Home > uncategorized > High availability: Oracle RAC vs. RAC One Node vs. Data Guard

High availability: Oracle RAC vs. RAC One Node vs. Data Guard

I try to say as simple as possible. If we have to find HA solution for ORACLE DB, I will introduce for you the alternatives.  I collected as much information as possible about the available technologies such as RAC, One Node RAC and Data Guard.  In this article I do not want to consider explaining all of these technologies, more than compare with each other, help to someone summaries the features, advantages, disadvantages. And just one other important aspect: I take the focus just for high availability and I will not concentrate the other criteria. So, let’s start with basic introduction part:

Solutions

1. Oracle RAC

The idea is to utilize the additional resources of multiple machines to satisfy higher load demands (scalability) as well as provide a higher level of availability since connections can be directed to any available instance.
– servers connecting to the same database (shared storage) simultaneous
– servers are usually same location “in a room”
– RAC is mainly for load balancing
– the application should be “cluster ready”

2. Oracle RAC One (one node RAC)

Same infrastructure as a classical RAC, just here it is a single instance of RAC running on one node of cluster while the 2nd node is in a cold standby mode. It is provide a cold fail-over solution for Oracle database.
– built-in cluster fail-over for HA but not to load balance unlike regular RAC
– useful for some maintenance purpose like rolling upgrade  or proactive upgrade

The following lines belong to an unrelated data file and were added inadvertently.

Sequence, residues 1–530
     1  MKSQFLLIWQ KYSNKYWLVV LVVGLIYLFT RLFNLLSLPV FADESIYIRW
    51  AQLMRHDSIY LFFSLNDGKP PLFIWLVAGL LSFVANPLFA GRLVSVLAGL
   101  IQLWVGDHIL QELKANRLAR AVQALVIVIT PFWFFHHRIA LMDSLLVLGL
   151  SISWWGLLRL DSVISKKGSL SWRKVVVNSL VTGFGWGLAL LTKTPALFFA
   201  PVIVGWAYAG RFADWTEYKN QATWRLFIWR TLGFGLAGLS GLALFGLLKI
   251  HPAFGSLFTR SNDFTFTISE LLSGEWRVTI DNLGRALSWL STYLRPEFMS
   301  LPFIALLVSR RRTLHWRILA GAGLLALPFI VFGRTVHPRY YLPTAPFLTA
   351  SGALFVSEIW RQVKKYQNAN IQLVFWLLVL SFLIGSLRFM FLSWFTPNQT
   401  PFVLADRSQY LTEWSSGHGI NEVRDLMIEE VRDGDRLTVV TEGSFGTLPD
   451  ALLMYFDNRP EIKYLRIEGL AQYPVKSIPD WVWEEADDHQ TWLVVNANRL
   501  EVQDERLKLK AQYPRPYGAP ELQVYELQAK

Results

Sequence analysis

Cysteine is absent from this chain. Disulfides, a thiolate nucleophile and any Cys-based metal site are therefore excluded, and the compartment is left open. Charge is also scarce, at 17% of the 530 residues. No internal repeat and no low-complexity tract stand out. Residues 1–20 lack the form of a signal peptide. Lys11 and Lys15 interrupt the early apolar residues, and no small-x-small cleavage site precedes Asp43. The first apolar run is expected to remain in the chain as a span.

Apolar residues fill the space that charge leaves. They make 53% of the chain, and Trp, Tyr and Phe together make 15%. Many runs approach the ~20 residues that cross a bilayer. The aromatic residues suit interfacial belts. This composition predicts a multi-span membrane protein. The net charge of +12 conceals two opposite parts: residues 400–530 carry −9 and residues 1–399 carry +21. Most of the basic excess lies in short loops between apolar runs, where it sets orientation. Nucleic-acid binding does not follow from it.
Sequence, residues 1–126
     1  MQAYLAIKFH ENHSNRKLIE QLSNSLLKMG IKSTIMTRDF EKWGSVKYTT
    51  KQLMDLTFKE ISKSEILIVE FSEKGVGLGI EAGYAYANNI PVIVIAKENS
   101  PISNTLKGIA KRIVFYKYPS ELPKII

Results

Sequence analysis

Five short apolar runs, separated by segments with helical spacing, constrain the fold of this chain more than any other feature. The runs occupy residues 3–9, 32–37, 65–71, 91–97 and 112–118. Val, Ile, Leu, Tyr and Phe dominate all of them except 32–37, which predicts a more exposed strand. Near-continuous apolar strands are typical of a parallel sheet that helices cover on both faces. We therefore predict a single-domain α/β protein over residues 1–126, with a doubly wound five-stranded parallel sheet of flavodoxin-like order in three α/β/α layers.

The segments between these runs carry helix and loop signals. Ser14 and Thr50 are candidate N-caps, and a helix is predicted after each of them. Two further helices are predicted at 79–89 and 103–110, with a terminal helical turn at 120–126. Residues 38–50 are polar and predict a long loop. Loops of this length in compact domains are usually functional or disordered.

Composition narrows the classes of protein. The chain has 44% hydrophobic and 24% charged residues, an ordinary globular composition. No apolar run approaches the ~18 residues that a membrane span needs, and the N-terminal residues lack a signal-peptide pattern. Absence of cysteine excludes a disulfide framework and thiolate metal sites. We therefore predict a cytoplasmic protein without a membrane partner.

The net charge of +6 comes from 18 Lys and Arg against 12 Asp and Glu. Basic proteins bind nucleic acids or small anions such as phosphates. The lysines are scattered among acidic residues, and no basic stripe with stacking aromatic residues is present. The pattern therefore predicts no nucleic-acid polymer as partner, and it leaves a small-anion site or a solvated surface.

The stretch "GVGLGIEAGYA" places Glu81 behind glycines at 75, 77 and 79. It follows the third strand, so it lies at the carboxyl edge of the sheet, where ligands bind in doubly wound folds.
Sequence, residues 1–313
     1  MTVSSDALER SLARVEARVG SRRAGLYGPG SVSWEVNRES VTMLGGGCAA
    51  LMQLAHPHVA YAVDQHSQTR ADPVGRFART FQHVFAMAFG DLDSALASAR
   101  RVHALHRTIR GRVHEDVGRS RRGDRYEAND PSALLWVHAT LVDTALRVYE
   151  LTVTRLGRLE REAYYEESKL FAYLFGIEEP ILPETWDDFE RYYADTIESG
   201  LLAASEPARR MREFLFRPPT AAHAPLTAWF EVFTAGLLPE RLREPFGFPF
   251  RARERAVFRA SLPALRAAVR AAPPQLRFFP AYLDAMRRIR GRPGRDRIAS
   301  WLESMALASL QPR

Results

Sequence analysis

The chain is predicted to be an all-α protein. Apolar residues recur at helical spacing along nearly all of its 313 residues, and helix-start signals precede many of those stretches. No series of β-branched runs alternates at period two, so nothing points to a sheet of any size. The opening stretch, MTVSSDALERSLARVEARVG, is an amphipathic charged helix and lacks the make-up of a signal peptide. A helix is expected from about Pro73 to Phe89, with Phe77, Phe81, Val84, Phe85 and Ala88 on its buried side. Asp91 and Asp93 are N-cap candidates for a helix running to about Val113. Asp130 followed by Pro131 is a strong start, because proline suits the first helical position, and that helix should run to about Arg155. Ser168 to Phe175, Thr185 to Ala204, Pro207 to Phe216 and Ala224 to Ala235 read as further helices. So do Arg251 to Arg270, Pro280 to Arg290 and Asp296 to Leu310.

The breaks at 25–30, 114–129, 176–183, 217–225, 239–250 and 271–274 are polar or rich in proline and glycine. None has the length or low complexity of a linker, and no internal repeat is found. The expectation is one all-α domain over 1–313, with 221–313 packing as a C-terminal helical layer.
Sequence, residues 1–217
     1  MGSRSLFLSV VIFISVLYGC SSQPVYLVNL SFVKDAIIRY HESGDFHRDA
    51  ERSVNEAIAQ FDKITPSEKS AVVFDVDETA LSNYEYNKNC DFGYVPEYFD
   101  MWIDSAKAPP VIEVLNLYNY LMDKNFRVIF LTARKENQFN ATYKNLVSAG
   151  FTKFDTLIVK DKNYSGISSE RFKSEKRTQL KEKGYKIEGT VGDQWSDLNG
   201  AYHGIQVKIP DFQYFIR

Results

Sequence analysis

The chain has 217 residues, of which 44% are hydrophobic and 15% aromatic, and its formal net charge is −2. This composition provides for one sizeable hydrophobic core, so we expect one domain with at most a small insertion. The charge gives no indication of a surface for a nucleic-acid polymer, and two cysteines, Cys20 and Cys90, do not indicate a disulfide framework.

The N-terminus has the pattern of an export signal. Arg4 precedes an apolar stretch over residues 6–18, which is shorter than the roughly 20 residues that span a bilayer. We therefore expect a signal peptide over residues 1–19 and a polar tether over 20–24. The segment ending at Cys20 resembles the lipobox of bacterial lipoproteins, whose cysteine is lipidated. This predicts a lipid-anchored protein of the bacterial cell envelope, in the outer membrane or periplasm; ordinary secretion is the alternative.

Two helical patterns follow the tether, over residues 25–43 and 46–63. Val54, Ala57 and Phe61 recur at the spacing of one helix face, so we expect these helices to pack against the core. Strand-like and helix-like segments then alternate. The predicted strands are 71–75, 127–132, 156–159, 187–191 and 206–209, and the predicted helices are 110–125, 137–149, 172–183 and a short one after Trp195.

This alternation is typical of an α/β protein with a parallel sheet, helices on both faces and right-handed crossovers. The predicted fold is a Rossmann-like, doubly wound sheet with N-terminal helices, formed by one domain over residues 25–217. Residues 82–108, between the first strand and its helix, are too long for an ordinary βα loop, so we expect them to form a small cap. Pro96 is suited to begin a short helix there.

– it is capable for online upgrade to real RAC

3. Oracle Data Guard

Data Guard provides for continuity of operations – if the room in which your RAC cluster resides “goes away” (fire, flood, main hw failure, whatever) data guard is ” somewhere else, ready to take over” (fail over site).
– designed for disaster recovery and business continuity  solution (cost-effective way)
– the DG provide many extra features to use the secondary site database (reporting, testing, UAT env., etc.)
– possible to build total replication (physical) or just some part (logical)

Hardware/Network aspect

1. Oracle RAC

- the infrastructure complex and requires many network interfaces
– servers communicate via interconnect connection (latency between nodes critical – cache fusion)
– long distance sites between nodes required special hw component (stretch cluster)
– generally the RAC has significant overhead compare using classical infrastructure (not ideal in cloud environment)
– recommended to use similar capacity nodes

2. Oracle RAC One (one node RAC)

-it requires the same infrastructure component like regular RAC environment.
– it has less overhead than regular RAC

3. Oracle Data Guard

- servers connecting different database in different sites
– servers need standard network connection to transfer the transaction log (archive logs)
– shared storage possible to use but not required
– primary and secondary nodes could be different

Availability

1. Oracle RAC

- this protects from instance failures but not data or storage failures (storage level replication)
– for data recovery takes as long as in normal solution (but it has parallel recovery option)
– limited protection against the human errors

2. Oracle RAC One (one node RAC)

- RAC One provide fast server relocation but not 100% continuous availability
– it it not designed for DR, not suitable for mission critical applications without DR solution